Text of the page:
23 Jun. 2022
Wheelchair handball has been gaining increasing popularity around the world, as several countries have held their first tournaments in this discipline after emerging from the COVID-19 pandemic.
The latest addition in this growing list is Norway, where a four-team tournament, the Salto Cup was held last weekend in STIL Arena in Langhus. Three Norwegian sides and one Swedish team participated in the event.
Follo HK, Bergen and Elverum Handball were the Norwegian teams that took the court, with Sävehof IK completing the line-up. Bergen clinched the gold medal, after securing a win in the last game of the competition against Sävehof IK.
Sävehof’s Julia Johansson, one of the best players in the world, was named MVP of the tournament, despite her team losing the final against Bergen, while the hosts Follo HK, who won against Elverum, placed third.
“The whole tournament started with the idea of having a training weekend for Follo and Bergen. After Elverum started their team this summer, they were invited, and after sending the invitation across the border to Sweden, it was finally training day and Salto Cup for the four teams. The result was thus Norway's first wheelchair handball cup,” says Laila Horgen, who oversees the activity at Follo HK.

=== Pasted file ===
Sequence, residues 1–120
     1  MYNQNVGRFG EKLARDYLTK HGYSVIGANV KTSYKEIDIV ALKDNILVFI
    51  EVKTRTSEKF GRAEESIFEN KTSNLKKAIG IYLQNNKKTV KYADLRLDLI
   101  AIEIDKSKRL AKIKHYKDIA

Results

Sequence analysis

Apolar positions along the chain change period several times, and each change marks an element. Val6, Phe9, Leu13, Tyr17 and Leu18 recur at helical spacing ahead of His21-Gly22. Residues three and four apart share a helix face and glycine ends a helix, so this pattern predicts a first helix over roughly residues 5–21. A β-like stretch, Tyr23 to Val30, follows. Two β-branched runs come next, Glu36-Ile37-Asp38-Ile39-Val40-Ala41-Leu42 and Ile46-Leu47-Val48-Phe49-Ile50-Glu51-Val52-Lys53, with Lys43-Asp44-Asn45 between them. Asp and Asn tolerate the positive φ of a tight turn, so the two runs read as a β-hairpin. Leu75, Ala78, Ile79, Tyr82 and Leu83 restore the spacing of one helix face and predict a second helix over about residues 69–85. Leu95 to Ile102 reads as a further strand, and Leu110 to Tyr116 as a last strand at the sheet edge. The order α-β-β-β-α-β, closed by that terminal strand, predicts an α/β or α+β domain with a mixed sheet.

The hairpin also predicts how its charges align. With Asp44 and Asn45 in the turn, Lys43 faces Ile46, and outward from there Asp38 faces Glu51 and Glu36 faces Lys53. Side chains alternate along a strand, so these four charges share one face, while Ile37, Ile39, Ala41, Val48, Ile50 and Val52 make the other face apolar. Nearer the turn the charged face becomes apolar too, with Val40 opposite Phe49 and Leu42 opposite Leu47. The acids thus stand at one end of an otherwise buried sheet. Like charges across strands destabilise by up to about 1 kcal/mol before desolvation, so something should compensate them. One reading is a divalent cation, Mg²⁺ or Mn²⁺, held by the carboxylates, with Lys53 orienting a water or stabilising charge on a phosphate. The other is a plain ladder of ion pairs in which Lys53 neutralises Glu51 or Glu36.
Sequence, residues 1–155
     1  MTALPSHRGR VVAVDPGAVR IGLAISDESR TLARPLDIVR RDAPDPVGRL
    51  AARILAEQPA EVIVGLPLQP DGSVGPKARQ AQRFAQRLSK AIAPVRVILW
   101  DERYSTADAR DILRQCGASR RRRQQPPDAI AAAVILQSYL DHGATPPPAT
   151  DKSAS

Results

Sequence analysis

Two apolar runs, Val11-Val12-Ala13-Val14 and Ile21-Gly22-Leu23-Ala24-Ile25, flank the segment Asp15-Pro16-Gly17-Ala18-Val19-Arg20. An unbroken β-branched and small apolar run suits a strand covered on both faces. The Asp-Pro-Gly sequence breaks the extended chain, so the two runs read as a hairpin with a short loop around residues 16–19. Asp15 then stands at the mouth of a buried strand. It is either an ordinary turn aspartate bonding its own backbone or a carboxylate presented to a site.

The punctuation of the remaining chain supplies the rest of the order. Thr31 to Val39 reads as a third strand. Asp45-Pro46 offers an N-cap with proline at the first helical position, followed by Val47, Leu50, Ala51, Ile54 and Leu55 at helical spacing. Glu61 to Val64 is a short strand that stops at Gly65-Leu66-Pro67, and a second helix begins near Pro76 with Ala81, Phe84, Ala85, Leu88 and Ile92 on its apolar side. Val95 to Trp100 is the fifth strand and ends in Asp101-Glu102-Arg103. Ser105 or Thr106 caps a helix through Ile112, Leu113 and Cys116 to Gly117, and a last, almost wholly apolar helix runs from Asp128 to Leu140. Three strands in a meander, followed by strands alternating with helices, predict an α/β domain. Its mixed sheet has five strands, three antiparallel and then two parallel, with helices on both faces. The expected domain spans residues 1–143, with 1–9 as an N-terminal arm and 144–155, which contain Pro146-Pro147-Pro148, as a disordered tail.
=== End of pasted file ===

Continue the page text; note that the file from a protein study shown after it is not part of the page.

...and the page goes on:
While the results and the name of the winners might not be of the utmost importance, the fact that wheelchair handball is receiving more attention throughout the world duly marks the importance of the sport for its players.
The latest example came from Elverum Handball, whose team was formed only in May, after Susanne Utgård moved to the town from Follo. They are just one of the sides that have been following in the footsteps of the organisers of the tournament, Follo HK, who were established in 2014 by three sisters: Susanne, Helene and Thea Utgård – pioneers for wheelchair handball in Norway.
“It is important to create good clubs and infrastructure around the country, to see that more clubs are taking a good approach to wheelchair handball. We have seen this in Follo, Bergen and Elverum, that the players greatly appreciate what wheelchair handball can offer, that they can be in physical activity and be part of a team,” Susanne Utgård told the official website of the Norwegian Handball Federation (NHF).
The NHF have also created their wheelchair handball national team, which aims to take part in the most important competitions in the next years.
“Among other things, a classification system is used for the players, therefore, we need more player types with different physical prerequisites. Inclusion is what this sport is about, and it is important to include those with greater physical disabilities,” adds Utgård.
With the NHF President Kåre Geir Lio also in attendance and trying wheelchair handball for the first time, the future of the sport in Norway looks bright and it is likely the emphasis will be even higher in the next years.
Photo: Mirjam Sevland / NHF